Little Dancer, Aged 14Tuesday, July 25, 2006
In April 16, 1881 Edgar Degas's wax sculpture of "Little Dancer, Aged 14" was shown in the Sixth Impressionist exhibition in Paris. Paris was in an uproar. Journalists questioned the morality of the little girl and her relationship with the chaste Degas. Newspapers did not name Marie van Goethem (born in 1865 into a Belgian family newly settled in Paris) who stood before them in a real tutu and real ribbons in her real horsehair wig. Marie had been connected with the Paris Opéra Ballet soon after it opened in its new building in 1875. In 1882 Marie was abruptly fired from the Opéra after missing 11 classes and after newspapers cited her as a habitué at the Rat Morte and other dives. Her ultimate fate after 1882 is unknown.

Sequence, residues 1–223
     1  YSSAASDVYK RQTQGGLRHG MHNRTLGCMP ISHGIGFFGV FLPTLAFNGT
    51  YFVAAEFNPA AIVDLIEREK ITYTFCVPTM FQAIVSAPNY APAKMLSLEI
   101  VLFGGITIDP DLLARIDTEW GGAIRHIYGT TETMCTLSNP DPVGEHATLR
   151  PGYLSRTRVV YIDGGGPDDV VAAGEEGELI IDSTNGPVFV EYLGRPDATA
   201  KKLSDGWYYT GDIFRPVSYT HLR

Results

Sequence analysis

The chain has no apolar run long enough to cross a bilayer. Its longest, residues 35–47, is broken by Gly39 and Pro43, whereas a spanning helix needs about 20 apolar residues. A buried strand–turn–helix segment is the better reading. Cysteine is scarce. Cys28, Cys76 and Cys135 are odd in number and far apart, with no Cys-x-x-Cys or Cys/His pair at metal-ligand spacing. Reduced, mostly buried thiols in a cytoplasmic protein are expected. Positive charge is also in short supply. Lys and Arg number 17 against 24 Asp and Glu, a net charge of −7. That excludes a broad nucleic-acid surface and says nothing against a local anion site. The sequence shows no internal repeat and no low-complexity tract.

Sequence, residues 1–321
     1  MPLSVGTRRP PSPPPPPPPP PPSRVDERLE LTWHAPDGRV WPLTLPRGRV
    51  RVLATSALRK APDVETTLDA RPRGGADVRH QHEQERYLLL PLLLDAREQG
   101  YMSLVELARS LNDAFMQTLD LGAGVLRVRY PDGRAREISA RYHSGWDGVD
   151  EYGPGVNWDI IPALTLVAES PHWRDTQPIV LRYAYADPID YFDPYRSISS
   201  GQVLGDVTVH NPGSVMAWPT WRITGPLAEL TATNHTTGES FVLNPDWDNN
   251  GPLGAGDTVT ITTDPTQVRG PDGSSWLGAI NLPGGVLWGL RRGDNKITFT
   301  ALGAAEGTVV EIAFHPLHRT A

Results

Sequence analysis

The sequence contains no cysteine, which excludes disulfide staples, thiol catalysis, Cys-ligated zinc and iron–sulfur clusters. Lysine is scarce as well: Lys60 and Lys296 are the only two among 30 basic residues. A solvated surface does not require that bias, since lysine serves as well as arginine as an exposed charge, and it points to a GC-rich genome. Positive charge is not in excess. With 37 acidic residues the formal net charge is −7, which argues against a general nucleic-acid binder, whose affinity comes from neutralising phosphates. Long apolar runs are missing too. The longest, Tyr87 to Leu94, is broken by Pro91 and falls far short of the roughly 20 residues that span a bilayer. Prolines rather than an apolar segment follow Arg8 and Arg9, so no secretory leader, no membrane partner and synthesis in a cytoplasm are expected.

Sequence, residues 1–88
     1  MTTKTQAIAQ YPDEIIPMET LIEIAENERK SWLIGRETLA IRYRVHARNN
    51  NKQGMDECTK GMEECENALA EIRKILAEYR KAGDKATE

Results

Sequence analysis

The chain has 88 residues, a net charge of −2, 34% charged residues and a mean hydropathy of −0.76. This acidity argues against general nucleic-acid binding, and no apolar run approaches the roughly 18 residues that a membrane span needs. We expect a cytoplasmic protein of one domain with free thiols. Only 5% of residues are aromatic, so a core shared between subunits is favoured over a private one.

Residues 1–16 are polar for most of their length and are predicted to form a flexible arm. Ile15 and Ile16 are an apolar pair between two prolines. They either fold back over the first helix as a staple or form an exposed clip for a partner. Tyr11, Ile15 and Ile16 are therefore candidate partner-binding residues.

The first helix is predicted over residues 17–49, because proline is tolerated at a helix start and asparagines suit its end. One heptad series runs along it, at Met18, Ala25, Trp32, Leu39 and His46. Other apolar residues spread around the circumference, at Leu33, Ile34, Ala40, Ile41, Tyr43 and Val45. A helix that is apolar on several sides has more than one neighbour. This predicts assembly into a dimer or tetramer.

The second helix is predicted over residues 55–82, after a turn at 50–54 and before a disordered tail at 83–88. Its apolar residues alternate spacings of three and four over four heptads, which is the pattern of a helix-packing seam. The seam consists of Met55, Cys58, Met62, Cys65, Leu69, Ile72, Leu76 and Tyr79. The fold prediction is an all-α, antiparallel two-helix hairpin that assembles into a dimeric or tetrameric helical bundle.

In June 2003 I visited the National Gallery in Washington DC and Rebecca posed by one, of the 28 or so posthumous existing bronze casts of the Degas work.
Soon after I met Ballet BCs Sandrine Cassini and I was immediately affected by her presence, particularly when she told me she had danced for the Paris Opéra Ballet. Before she left for Europe she posed for me in my studio as an older Marie van Goethem.